HAVING spent most of my working life as a slave to profits and shareholder return, I am intrigued by the starkly contrasting financial dynamics and challenges faced by FDs across organisations in the not-for-profit sector.
Unlike certain businesses that are non-profit by accident, this is a sector whose organisations exist to serve purposes above and beyond making shareholder returns, and where the word ‘profit’ is substituted by the more tasteful ‘surplus’.
This is not distributed, but utilised to facilitate the organisation’s mission, purpose or impact. Beyond charities and public bodies, this sector includes healthcare, education, housing associations, research and many NGOs. The characteristics of their structures are varied: some are trusts, some are limited by guarantee, and many are registered charities, although not charities in the pure sense.
The application of financial measures must be very challenging within this sector. How is it possible to put a financial value on the outcomes achieved by some of these organisations? Who are the stakeholders? How are priorities decided in a model of limited resource? How is success measured? Is there ever sufficient funding? How do they compile financial forecasts? Are these organisations run as businesses? Fundamentally, how influential is the FD in these circumstances?
Of course, no single solution fits all and it is obvious that a sudden humanitarian crisis would present more immediate and different challenges than, say, the demands faced by universities and hospitals. And many organisations suffer the stresses of heavy regulation.
Additional challenges lie in the area of governance, where the traditional NED role may not exist but there may be governors, trustees or councils. Boards may consist of stakeholder representatives and volunteers, with accountability and capability open to interpretation. Public scrutiny and the duty of candour may be also become a heavy burden.
Competition can be confused, with examples of charity shops trading at an advantage over other businesses as they enjoy favourable business rates, taxation and unpaid volunteers. Charity status creates an unlevel playing field when set against shareholder organisations. On the other hand, private sector groups have pursued what they thought were lucrative contracts that they have subsequently found not to their appetite, resulting in the not-for-profit sector having to step in to maintain continuity of essential services.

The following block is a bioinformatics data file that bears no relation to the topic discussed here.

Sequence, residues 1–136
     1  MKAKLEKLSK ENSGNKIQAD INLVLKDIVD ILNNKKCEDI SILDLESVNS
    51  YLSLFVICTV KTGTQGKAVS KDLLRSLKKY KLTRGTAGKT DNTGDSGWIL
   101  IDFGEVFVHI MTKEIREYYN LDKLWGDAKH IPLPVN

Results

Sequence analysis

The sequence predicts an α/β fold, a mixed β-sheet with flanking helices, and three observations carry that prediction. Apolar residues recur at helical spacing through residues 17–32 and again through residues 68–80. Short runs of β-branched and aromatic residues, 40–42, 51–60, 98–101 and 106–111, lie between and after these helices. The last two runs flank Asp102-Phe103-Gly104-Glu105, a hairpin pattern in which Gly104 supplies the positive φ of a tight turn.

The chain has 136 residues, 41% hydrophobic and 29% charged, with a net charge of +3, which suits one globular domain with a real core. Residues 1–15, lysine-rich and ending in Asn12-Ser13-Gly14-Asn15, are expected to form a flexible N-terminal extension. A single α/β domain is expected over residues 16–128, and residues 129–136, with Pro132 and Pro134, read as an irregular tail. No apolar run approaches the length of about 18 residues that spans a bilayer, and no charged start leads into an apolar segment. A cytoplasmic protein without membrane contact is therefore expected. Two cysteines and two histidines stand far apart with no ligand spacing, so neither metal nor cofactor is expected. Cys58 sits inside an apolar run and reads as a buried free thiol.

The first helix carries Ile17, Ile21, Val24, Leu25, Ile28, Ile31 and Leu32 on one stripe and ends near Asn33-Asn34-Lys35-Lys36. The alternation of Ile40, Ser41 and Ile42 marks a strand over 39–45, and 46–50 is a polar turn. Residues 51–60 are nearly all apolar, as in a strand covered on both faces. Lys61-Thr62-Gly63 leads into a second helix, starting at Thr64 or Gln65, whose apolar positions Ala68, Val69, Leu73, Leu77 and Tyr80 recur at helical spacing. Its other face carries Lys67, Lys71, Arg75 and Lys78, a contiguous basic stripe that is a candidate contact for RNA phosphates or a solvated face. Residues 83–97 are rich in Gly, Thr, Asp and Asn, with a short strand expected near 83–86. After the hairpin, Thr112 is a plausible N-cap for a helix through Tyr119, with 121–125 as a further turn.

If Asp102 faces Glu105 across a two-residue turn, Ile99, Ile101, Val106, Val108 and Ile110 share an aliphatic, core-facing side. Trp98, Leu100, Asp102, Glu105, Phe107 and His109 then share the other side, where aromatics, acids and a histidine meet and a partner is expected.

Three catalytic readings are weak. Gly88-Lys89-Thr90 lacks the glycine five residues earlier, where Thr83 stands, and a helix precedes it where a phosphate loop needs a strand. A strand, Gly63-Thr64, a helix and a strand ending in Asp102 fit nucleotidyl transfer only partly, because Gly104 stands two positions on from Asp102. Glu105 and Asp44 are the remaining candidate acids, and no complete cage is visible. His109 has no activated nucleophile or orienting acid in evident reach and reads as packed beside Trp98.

What is the role of the FD in all of this? The relentless pursuit of efficiencies, cost avoidance and optimum cashflow is a given, along with the day-to-day financial management, governance, accounting and reporting. However, the FD might not be the primary force in allocating resources. In these situations, the FD might be seen as the team member with the responsibility to facilitate the provision of financial resources or to point out where doing so would put other commitments at risk. But doing this without objective financial measures of success has its limitations, and being the ‘bad guy’ might be an unattractive role.
One organisation – whose FD I know well – has developed an economic model which utilises a full cost approach to every project. The operational staff must provide a coherent justification, articulating the projected outcomes and using subjective measures supplemented by a range of statistical but non-financial measures. Projects are reviewed by an investment committee selected from across the organisation, and a pot is set aside to cover sudden needs.
I have spoken to a number of CEOs in this sector who say they seek maximum support, creativity and contribution from their FDs. They typify the attitudes and demands of most CEOs that I know in the commercial sector where the CFO and FD roles are hugely influential. That must provide a great opportunity for FDs across the not-for-profit sector. ?
Last month, the SFD was in New York – on business – home to some huge non-profit organisations sitting alongside some of the world’s most profitable, where altruistic giving is a lifestyle statement